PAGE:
The Gun Owners of America’s legal arm, the Gun Owners Foundation, is pressing further in their full-throated defense of Jeremy Kettler, a disabled US Army combat veteran. Mr. Kettler was convicted of possession of an unregistered firearm in violation of the National Firearms Act (NFA) in November 2016.
The original complaint against Mr. Kettler and his co-defendant Shane Cox accused them of:
- Making false statements during a federal investigation,
- Conspiring to make, receive, and transfer an NFA firearm, and
- Possessing an unregistered NFA firearm.
The Defense of Jeremy Kettler
What makes this case particularly interesting is Mr. Kettler and his co-defendant’s original defense. Kansas law includes the “Second Amendment Protection Act”. The Act states that any firearm accessories manufactured, owned, and remaining within Kansas are not subject to the provisions of the NFA or any Federal law. Further, the Act specifically mentioned suppressors as one of those protected accessories. Because of this when Mr. Kettler bought his suppressor, he fully believed he was acting in accordance with the law. The ATF disagreed, as did a jury, and then most recently the 10th Circuit Court, upholding Jeremy Kettler et. al.’s convictions under the National Firearms Act.
GOA’s Argument against the NFA
Mr. Kettler and the GOA make three arguments as to why his conviction should not be upheld. Firstly, they argue that the NFA “can no longer be justified as a valid exercise of Congress’ power to tax”. The NFA tax’s legality stems from a 1937 case called United States v. Sonzinsky. In the Sonzinsky case, the Supreme Court upheld the NFA tax as constitutional, despite the burden it presented to otherwise legal activity. In the petition, attorney Joseph W. Miller has argued that the Sonzinsky case is outdated, and needs to be re-evaluated. In addition, Mr. Miller makes specific mention of the undue burden that portions of the NFA place on gun owners, and argues for their unconstitutionality.
Secondly, the GOA argues that the 10th Circuit misinterpreted DC v. Heller. The 10th Circuit argued that the Heller decision only applied to bearable arms and that suppressors were accessories, not arms, and thus not protected by the 2nd Amendment. Because of the wide availability of suppressors as well as their status under Federal law, the GOA is arguing that suppressors constitute bearable arms, and are therefore protected under the 2nd Amendment.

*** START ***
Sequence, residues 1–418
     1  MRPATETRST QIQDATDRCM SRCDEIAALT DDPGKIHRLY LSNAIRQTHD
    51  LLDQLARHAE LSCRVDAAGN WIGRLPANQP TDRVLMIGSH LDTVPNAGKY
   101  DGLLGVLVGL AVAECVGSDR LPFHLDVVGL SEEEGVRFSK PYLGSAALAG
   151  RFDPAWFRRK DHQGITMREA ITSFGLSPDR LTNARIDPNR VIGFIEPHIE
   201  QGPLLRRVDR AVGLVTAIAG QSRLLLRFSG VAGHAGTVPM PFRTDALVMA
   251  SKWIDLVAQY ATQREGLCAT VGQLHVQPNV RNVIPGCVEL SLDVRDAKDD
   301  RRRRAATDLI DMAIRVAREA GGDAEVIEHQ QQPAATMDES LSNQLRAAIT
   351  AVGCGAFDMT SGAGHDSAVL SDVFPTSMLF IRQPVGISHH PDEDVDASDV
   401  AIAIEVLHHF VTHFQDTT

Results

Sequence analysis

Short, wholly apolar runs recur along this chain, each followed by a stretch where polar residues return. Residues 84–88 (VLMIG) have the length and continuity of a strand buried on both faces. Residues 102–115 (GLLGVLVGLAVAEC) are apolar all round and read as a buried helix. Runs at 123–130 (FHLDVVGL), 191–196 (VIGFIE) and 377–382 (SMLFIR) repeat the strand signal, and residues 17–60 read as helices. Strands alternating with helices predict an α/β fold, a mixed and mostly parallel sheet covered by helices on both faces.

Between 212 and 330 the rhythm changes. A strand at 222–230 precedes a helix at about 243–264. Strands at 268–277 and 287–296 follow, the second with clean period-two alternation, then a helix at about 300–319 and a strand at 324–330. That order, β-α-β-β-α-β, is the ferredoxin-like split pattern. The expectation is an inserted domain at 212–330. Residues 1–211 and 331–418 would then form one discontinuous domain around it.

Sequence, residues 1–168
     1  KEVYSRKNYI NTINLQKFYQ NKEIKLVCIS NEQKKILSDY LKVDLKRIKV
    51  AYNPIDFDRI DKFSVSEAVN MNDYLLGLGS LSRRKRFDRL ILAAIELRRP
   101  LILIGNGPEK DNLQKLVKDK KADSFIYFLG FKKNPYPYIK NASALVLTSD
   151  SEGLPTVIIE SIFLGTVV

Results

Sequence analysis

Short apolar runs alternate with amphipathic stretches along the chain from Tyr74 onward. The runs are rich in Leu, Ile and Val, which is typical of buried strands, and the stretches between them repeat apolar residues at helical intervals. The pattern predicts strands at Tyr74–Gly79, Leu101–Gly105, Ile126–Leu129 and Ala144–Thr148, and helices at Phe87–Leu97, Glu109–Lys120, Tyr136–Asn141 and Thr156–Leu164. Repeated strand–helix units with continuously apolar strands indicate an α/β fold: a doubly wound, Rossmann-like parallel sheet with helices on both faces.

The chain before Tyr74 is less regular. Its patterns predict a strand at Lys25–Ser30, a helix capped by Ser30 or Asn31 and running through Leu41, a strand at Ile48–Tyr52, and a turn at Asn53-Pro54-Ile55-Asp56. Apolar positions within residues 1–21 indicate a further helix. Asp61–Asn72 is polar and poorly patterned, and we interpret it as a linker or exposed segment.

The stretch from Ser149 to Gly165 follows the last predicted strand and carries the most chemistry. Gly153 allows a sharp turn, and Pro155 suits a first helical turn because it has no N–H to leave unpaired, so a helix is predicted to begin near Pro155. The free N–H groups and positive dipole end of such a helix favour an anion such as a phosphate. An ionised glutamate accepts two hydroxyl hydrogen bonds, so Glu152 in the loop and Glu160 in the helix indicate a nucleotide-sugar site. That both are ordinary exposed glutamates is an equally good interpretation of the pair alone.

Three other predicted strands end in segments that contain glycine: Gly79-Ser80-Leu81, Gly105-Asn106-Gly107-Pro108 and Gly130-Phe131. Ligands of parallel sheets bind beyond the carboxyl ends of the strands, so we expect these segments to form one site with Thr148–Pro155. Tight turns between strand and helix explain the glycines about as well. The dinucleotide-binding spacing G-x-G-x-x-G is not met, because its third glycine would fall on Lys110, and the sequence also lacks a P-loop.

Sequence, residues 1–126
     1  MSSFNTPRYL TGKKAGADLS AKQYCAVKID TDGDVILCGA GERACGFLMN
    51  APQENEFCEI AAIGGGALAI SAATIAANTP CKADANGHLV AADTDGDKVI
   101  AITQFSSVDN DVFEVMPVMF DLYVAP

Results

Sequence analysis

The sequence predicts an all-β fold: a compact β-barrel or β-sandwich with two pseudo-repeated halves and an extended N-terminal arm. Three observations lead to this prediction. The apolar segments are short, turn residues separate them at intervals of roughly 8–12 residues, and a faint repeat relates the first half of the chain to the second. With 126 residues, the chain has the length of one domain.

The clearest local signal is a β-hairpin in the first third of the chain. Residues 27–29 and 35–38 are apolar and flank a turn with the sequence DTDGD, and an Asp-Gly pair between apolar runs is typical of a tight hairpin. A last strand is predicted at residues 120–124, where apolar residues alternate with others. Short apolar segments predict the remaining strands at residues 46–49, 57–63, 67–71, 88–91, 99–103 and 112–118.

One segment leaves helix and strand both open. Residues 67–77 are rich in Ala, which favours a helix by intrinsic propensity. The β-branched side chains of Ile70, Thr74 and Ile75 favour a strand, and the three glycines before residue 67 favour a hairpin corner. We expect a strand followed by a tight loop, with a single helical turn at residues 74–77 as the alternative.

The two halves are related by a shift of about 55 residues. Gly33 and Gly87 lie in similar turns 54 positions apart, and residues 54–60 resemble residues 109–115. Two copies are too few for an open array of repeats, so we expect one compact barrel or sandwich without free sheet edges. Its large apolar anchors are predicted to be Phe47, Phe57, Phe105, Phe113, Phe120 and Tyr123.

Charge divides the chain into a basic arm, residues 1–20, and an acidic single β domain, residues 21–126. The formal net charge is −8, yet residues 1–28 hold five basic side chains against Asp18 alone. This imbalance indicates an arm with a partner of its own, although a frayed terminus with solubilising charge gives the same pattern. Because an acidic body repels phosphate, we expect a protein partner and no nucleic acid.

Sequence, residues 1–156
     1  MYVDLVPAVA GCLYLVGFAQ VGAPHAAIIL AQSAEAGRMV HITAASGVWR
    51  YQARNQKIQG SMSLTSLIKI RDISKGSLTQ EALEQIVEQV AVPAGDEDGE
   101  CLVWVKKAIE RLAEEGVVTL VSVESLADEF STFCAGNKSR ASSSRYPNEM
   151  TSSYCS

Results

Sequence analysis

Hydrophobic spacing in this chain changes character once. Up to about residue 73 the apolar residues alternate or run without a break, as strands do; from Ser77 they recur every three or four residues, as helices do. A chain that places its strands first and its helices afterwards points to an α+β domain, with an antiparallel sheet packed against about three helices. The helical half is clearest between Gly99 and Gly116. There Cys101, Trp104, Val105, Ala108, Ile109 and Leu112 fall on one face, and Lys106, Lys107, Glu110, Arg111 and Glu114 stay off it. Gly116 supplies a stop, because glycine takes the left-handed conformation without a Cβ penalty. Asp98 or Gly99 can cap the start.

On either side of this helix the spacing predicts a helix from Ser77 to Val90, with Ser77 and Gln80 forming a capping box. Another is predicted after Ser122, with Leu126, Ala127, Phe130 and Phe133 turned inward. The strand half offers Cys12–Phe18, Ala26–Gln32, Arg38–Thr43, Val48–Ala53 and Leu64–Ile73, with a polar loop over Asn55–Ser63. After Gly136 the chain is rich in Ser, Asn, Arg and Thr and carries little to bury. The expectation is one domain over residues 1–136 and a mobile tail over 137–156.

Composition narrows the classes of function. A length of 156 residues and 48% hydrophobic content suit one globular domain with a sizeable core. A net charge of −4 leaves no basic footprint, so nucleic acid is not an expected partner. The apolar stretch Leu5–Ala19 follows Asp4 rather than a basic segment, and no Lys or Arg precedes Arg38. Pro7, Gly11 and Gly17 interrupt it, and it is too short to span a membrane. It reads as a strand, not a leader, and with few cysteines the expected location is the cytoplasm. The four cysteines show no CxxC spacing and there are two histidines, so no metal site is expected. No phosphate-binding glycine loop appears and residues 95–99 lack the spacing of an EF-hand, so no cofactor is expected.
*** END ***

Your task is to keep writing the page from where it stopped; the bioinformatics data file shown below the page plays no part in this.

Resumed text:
Thirdly, the GOA argues that previous case law banning taxes on certain constitutional rights should apply to the 2nd Amendment. Their argument is that any tax on a protected right like speech, religion, or the right to keep and bear arms, is unconstitutional and that the NFA is such a tax.
So whY does this matter?
Until the Supreme Court grants a writ of certiorari, or until they agree to hear the case, it matters only a little. Unfortunately, the Supreme Court has shied away from taking controversial 2nd Amendment cases recently. Justice Thomas famously called it the Court’s “constitutional orphan” in a dissent from February 2018 for that reason. However, the landscape of the court has shifted in recent years, with the confirmations of Justices Gorsuch and Kavanaugh in 2017 and 2018 respectively. Hopefully, these three Justices will sway a fourth and agree to hear the case.
“2 Kansas Men Spared Prison In Prosecution Over State Gun Law”. The Washington Times. Accessed January 15, 2019. https://www.washingtontimes.com/news/2017/feb/6/2-kansas-men-spared-prison-in-prosecution-over-sta/.
“Jeremy Kettler v. United States of America, On Petition for Writ of Certiorari to the United States Court of Appeals for the Tenth Circuit.” GunOwners.org. Accessed January 15, 2019. https://gunowners.org/images/Kettler-Petition-for-Certiorari.pdf
“Thomas, J., dissenting. Jeff Silvester, et al. v. Xavier Becerra, Attorney General of California. On Petition for Writ of Certiorari to the United States Court of Appeals for the Ninth Circuit.” Supremecourt.Gov. Accessed January 15, 2019. https://www.supremecourt.gov/opinions/17pdf/17-342_4hd5.pdf.